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What Happens When You Don’t Use Shims with paving?

02 June 2022

Shims are a small component used on the head or base of a pedestal to provide an added level of stability, uniformity and comfort to your paved area.

Made from Styrene-Butadiene Rubber (SBR), they are flexible, and cushioning and can be cut easily into smaller pieces where needed.

Whilst it is not a mandatory requirement to use shims, we strongly advise our clients to use a 1 or 2mm shim per pedestal (at least), to remove any unwanted noise and discomfort whilst improving safety.

If you’d like to learn a bit more about shims, feel free to read our in-depth post here.

Now, we’re going to look further at what happens when you don’t use shims on your external flooring projects.

The Flooring Area Can Become a Trip Hazard

When working with marble, granite or stone or even rectified porcelain, you may find you need to compensate for different thicknesses in the tile that naturally occur, mostly in untreated materials but imperfections may also be found in man-made products.

Different thicknesses in tiles and pavers can cause unevenness in your flooring, presenting a trip hazard. In this instance, a shim* is a suitable accessory to even out the surface of your flooring to avoid any accidents.

Not only is this an accident waiting to happen, but it also looks unsightly.

*note: shims can be stacked in multiples up to four to create additional height as necessary.

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The Flooring May Be Noisy Underfoot

Due to the absorbance of the SBR, shims can provide necessary sound dampening between the head of the pedestal and the surface material. Without a shim, users may encounter noise as the surface presses against the pedestal head when it is walked across.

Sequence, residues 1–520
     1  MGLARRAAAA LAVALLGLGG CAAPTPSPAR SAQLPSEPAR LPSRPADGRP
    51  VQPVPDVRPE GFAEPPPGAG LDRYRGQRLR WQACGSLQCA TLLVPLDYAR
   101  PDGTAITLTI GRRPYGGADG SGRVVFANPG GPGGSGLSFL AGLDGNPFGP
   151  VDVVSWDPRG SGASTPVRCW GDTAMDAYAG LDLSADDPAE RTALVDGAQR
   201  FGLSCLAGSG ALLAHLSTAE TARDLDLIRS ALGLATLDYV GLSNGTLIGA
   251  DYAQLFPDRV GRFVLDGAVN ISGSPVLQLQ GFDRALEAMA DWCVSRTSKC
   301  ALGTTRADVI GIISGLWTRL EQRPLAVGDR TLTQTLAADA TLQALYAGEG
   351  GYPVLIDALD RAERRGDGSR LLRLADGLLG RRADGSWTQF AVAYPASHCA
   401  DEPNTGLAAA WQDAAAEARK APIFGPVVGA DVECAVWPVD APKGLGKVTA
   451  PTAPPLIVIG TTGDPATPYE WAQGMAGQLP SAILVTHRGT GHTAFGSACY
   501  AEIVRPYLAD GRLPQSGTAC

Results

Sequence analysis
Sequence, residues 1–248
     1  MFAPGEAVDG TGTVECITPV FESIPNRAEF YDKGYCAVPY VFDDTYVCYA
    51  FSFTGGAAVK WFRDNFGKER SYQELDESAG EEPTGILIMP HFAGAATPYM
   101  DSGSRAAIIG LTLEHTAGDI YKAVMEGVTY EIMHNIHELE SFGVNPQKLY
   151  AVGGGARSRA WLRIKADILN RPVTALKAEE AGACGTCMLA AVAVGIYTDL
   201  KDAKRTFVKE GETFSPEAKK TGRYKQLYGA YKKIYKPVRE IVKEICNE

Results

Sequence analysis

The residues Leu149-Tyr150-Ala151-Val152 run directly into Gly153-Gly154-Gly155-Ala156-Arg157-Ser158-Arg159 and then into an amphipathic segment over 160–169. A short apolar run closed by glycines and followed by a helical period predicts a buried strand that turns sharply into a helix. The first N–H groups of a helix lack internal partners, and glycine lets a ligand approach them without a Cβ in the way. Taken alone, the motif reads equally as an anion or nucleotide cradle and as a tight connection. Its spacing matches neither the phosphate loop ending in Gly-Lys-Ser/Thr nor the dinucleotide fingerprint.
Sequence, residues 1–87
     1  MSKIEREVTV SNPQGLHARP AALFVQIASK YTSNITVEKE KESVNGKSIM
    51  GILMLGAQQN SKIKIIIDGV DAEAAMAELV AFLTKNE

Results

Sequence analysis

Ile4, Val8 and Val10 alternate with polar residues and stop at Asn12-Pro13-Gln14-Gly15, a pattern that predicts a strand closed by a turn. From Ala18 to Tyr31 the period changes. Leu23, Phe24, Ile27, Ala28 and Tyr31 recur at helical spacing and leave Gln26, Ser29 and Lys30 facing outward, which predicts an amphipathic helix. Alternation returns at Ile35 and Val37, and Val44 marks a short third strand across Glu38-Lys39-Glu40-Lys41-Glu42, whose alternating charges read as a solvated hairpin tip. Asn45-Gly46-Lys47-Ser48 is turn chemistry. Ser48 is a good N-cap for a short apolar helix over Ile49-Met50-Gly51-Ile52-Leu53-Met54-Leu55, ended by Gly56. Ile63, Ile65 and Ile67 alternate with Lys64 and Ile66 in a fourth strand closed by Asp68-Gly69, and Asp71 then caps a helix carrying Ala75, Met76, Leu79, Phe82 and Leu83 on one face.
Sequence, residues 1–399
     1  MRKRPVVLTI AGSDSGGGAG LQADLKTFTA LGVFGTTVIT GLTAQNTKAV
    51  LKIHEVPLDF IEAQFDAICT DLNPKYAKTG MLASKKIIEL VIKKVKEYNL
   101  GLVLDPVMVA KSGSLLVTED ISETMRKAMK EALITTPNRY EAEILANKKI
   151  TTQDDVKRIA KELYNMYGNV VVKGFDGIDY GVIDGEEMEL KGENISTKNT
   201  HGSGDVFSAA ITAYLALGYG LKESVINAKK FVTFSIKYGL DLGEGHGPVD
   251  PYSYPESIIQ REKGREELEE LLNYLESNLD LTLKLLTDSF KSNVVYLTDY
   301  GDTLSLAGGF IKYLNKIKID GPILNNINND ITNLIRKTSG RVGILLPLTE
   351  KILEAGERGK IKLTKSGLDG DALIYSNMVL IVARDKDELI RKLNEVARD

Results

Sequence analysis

Whether from foot traffic or outdoor furniture, floors bear the brunt of impact within your building. The sound energy generated by this impact can be transmitted through the structure of your building, distorting noise and disturbing workers, guests or residents. Shims have been designed, in part, to insulate noise, preventing its transmission from your flooring to surrounding areas of the building.

It May Not Be As Comfortable to Walk On

In a similar way to aiding acoustic comfort, shims can provide an element of comfort to those walking on the flooring. The cushioning will help the flooring to feel softer underfoot, absorbing any impact that may occur.

It may be easy to overlook this subtle detail, but user comfort and experience are an important part of the overall design.


Shims are a simple solution to a number of problems faced in the installation and usage of an external floor area.

As mentioned before, we always advise our clients to use a 1-mm or 2-mm shim on every pedestal for a tiling installation (at the very least). But we can provide additional advice and support when the time is right for you.

Want to find out more? Speak to one of our experts on +44 (0)20 8614 0874. We’re always happy to help.

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For expert technical advice call +44 (0)20 8614 0874